Migrant workers from central Asia, modern "slaves" of the new Russian empire
Moscow (AsiaNews/HRW) - Millions of migrant workers, mainly from poor central Asian countries, are "exploited by their employers" in Russia, and suffer "extortion and abuse by police and other officials." In a report published yesterday, Human Rights Watch denounces the systematic discrimination against these workers, often motivated in part by racial hatred, and now exacerbated by the global financial crisis.
The group headed by Jane Buchanan, an HRW expert on Europe and central Asia, conducted an investigation, gathering 146 testimonies in 49 cities from construction workers, between 2006 and 2008. She says that almost all of the migrants work in the underground economy, even though Russian law requires a work contract. They work in dangerous conditions, for miserable wages. Sometimes "intermediaries" confiscate the migrants' passports, and then force them to work without pay, other times the workers are beaten into absolute obedience.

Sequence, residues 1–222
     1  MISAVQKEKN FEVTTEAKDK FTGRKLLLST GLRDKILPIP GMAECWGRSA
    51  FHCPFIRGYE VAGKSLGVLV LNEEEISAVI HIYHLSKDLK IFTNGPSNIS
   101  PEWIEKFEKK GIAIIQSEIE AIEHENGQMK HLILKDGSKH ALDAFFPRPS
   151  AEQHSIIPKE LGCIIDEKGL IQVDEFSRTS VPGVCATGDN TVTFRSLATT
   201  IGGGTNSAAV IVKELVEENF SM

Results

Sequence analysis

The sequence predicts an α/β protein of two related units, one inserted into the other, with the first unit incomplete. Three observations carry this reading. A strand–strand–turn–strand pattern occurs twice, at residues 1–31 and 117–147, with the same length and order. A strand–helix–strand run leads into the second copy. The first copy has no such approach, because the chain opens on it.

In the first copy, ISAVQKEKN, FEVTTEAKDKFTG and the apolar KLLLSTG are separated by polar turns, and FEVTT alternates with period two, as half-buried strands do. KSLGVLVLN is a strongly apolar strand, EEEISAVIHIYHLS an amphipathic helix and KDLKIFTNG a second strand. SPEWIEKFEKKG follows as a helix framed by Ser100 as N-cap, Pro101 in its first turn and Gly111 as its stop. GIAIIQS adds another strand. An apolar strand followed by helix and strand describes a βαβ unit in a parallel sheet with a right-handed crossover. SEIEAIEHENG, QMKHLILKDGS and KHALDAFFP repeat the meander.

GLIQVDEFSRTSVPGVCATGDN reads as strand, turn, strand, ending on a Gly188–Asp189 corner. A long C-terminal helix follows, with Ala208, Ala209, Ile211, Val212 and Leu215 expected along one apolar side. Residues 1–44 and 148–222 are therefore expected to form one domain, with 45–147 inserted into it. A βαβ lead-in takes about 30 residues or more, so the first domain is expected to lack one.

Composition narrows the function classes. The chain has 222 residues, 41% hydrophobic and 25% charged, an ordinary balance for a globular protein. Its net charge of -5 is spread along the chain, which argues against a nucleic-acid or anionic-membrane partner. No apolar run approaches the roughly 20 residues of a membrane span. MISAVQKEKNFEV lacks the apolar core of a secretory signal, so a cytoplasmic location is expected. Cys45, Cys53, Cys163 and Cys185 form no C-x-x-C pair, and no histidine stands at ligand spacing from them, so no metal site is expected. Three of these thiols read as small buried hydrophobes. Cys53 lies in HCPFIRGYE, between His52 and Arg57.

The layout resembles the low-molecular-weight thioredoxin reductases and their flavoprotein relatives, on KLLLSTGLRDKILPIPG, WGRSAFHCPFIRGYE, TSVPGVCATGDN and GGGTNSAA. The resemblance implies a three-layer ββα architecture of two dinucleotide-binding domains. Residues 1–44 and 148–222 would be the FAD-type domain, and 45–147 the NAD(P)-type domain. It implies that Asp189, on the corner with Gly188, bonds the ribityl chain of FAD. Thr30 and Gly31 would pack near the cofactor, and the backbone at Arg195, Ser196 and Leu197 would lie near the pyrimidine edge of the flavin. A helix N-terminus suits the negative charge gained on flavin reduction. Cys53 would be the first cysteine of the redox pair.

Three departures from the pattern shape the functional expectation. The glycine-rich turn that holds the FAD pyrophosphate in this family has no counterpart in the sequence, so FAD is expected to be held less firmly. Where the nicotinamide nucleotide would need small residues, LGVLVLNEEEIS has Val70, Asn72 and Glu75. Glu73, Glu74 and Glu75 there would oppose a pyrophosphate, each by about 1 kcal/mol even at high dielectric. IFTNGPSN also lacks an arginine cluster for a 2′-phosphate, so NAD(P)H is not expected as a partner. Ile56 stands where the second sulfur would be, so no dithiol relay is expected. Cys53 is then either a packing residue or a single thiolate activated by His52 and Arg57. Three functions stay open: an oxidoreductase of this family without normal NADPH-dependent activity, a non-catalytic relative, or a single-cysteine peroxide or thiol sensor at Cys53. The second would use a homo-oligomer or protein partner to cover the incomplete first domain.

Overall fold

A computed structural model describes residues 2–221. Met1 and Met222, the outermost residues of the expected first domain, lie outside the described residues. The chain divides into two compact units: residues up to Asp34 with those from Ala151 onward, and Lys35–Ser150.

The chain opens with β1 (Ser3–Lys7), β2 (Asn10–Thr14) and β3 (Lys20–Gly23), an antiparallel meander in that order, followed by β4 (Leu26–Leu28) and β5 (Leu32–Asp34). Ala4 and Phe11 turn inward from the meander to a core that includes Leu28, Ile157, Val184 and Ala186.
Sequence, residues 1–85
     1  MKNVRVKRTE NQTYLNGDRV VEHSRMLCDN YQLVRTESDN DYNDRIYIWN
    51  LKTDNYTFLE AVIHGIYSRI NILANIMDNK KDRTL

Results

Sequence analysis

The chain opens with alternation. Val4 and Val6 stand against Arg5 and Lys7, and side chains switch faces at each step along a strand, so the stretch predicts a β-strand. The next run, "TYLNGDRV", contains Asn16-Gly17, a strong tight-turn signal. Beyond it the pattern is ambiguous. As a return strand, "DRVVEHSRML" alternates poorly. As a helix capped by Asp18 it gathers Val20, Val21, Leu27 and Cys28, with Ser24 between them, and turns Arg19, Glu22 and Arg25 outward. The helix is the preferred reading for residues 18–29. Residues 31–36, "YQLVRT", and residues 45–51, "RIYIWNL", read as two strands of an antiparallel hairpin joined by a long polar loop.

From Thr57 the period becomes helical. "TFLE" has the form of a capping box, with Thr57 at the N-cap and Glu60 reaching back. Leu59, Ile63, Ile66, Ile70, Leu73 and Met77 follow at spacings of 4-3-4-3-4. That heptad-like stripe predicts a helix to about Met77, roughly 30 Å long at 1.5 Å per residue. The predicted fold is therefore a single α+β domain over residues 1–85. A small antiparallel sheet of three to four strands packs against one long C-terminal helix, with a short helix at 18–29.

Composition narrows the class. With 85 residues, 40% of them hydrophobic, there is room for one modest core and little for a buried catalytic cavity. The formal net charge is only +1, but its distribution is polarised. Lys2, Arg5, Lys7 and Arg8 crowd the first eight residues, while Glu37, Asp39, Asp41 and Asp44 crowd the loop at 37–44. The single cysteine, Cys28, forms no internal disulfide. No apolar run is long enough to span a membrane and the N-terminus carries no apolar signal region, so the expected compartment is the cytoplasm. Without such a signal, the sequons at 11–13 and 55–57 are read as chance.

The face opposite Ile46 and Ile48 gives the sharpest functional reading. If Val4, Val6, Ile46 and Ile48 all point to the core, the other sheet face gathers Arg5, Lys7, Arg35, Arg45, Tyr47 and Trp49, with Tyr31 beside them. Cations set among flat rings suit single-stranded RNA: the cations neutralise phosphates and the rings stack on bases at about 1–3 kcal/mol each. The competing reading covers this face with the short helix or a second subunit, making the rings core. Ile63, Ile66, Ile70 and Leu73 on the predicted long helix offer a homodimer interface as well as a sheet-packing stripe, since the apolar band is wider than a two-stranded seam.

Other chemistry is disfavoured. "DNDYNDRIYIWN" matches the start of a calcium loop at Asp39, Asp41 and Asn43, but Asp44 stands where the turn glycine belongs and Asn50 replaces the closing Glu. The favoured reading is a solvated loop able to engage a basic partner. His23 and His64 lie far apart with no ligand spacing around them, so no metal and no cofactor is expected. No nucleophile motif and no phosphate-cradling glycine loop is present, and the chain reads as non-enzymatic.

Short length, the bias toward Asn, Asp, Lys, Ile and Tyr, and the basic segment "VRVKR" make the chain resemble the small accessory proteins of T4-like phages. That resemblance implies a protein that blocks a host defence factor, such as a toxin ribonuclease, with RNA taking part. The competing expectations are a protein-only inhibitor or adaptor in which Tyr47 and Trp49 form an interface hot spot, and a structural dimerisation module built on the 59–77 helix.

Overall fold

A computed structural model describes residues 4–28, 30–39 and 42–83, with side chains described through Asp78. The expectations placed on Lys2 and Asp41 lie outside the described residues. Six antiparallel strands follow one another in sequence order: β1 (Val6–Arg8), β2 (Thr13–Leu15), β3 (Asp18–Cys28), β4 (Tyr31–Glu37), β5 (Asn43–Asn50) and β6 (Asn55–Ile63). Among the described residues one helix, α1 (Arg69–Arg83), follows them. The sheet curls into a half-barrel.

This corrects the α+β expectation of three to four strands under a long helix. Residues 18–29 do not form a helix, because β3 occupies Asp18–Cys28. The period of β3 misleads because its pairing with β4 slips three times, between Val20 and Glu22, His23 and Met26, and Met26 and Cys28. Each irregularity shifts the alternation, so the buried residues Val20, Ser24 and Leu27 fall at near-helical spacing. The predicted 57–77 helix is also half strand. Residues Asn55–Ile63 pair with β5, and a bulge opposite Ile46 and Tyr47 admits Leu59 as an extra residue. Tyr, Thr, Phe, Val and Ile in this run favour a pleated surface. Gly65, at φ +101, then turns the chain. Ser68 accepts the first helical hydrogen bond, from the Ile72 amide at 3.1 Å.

A 30-year-old Tajik worker explained to HRW that they are not given the opportunity to protest when the employer withholds part of their pay. He says that "we simply took what they gave us and left."
A Kyrgyz worker fell and injured his abdomen while he was working on buildings in Moscow. He explains that "to go to a doctor is expensive. I didn't have any insurance." He treated the injury himself, with the help of a coworker.
There are 9 million migrant workers in Russia, 80% of whom come from former Soviet countries where they face hunger, and therefore tempt fate by crossing the border without visas. More than 40% of them are employed in the construction industry, which was one of the main activities in the country before the crisis.
The police also abuse the workers, extorting money from them when they inspect the documents, or requiring them to work for free at the police station or somewhere else.
Buchanan observes that "Russia's migrant workers are vulnerable at almost every turn . . . workers often labor for months, waiting and hoping to be paid . . . It's time for the government to stop acting as if migrant workers don't have rights and take decisive action against abusive employers and employment agencies," and also against the intermediaries, with careful supervision of workplaces.